Scope and Contents
Call Number: SC1007
Title: Bob Murphy oral history and background material
0.5 Linear feet
Summary: The materials consist of an oral history, background material, news clippings, a short biography, and an article on baseball
on the radio.
Language(s): The materials are in English.
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Open for research use.
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and educational purposes.
Bob Murphy Oral History and Background Material (SC1007). Dept. of Special Collections and University Archives, Stanford University
Libraries, Stanford, Calif.
Bob Murphy was a Stanford guy from the very beginning. Born at Stanford Hospital in 1931, he grew up in Burlingame where his
grandfather was the first City clerk and their old family home was the seventh house built.
Showing early signs of the young rebel he would soon be, Bob left Burlingame every day to attend and ultimately graduate from
San Mateo High School. On his way he would pass by Burlingame High School, and wouldn’t you know it, by his senior year it
was the San Mateo Bearcats beating the Burlingame Panthers for the Baseball Championship of the Peninsula Athletic League.
Bob went on to Stanford University where he graduated in four years. In his senior season of 1953, he helped pitch Stanford
to its first ever appearance in the College World Series.
He signed a professional baseball contract with the Oakland Oaks of the Pacific Coast League and beat the Portland Beavers
3-2 on the day he signed his first contract. He enjoyed three years in professional baseball, two of them on championship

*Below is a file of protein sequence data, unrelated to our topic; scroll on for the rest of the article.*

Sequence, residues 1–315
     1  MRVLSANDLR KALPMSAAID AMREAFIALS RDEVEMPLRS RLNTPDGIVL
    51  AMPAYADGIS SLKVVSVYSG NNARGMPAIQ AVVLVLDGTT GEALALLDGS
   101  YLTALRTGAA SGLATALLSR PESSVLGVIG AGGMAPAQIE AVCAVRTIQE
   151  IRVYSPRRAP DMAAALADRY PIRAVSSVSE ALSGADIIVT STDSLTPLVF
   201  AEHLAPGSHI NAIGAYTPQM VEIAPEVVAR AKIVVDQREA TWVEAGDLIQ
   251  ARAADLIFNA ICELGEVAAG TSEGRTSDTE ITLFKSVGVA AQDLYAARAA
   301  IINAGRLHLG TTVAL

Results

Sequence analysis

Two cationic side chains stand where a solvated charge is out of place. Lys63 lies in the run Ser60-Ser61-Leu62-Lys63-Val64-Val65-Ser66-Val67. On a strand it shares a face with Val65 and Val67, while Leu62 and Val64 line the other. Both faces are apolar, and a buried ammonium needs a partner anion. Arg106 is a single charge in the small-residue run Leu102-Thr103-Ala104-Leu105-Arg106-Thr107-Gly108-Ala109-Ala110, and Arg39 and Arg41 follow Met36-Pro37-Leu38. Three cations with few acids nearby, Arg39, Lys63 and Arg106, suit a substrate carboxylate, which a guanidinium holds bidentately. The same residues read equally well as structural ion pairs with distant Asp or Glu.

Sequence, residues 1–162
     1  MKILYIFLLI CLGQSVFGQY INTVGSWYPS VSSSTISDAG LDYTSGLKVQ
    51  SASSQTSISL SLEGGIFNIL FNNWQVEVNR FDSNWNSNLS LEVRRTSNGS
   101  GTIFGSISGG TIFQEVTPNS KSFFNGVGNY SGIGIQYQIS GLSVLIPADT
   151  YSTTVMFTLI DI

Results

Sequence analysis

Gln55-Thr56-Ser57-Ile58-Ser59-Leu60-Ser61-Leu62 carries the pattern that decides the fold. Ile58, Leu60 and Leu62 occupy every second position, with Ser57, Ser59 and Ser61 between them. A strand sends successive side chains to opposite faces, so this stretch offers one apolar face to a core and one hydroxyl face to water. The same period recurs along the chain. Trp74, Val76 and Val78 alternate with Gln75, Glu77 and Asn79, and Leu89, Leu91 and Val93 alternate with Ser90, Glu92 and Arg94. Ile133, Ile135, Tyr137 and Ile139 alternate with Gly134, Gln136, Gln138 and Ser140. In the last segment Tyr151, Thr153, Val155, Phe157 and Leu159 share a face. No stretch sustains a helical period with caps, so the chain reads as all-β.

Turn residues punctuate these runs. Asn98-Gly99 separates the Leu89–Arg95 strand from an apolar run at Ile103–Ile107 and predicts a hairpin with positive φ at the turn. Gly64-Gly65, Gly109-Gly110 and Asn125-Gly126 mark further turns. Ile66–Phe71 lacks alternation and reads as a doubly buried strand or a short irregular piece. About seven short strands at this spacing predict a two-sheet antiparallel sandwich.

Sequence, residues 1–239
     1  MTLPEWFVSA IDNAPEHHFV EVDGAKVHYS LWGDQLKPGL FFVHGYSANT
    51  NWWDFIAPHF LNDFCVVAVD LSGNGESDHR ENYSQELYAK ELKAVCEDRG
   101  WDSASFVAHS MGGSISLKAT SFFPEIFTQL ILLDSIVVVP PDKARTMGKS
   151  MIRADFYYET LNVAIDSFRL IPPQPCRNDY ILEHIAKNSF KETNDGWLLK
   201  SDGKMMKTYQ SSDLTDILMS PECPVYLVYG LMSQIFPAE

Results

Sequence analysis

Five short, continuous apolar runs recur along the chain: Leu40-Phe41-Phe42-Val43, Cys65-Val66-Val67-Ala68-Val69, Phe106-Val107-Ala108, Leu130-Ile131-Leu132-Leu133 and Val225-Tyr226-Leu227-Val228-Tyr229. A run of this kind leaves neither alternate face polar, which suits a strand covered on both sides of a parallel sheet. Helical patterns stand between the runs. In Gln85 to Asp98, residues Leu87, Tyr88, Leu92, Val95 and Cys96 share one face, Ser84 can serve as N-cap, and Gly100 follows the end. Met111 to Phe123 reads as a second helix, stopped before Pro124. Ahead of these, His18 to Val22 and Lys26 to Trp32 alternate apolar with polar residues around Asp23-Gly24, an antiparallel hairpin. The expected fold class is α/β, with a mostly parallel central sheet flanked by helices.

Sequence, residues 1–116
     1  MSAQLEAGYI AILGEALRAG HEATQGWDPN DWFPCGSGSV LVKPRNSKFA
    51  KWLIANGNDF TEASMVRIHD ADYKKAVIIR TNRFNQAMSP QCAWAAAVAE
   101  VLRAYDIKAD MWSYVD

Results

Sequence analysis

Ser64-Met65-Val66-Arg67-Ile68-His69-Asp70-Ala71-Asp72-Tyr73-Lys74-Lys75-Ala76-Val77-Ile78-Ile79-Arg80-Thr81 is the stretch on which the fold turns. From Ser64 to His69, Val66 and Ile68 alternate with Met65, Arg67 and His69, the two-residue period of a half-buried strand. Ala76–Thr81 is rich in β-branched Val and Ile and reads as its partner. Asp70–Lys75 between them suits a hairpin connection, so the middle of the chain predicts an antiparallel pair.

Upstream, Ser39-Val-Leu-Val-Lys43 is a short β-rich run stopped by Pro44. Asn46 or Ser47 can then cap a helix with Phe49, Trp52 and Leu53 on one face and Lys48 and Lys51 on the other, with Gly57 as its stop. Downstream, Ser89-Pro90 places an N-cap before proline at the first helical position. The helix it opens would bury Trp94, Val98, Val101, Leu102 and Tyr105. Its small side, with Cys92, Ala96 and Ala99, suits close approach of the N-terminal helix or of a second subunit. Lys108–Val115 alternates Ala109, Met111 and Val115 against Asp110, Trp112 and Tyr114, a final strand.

As a young developer, Bob, with the help of Stanford swim coach Tom Haynie, brought the National AAU Swimming and Diving Championship
to Fremont Hills Country Club in Los Altos Hills. He then went on to become a traveling consultant for the development and
operation of Almaden, Palo Alto Hills, Sharon Heights Country Club, Butte Creek Country Club in Chico, and a golf and recreational
development by Standard Oil in Orange County.
In 1962 when Chuck Taylor became Athletic Director at Stanford, he brought Bob back to "The Farm" as Manager of Athletic Relations.
In the season of 1964 while at Notre Dame during a practice session, Don Klein asked Bob if he might like to sit in with him
for the game broadcast the next day. Don was Stanford's very popular football announcer and had been the broadcaster for the
San Francisco Seals when Bob played for Oakland. Bob sat in that day and would continue a career in front of a microphone
for the next 43 years, longer than anyone else in PAC-10 history.
Murphy took over the role of Sports Information Director at Stanford in 1965 and remained in that position until 1974 when
he left to help save the East/West Shrine Game. He was successful in moving the game to Stanford, where it remained for 25
But Murph's real trademark is the stories, anecdotes and humor shared with generations of fans listening to his broadcasts
or events he has emceed. Stanford coaches have always been fair game during a microphone session with Murph. Both the late
Bill Walsh ("ladies and gentlemen, I present the Pontiff") and Mike Montgomery ("Mike, you need to play the Stanford course
backward so you can get to know the other side of the fairway") frequently got the razz treatment. Murph would weave in stories
of Stanford professors, locker room speeches, famous Stanford athletes of the past. A history major, Murph would talk about
how the late Professor Tom Bailey would corner him in class to offer advice about pitching curve balls to Cal hitters.
Scope and Contents
The materials consist of an oral history, background material, news clippings, a short biography, and an article on baseball
on the radio.
Coaches (Athletics)--United States.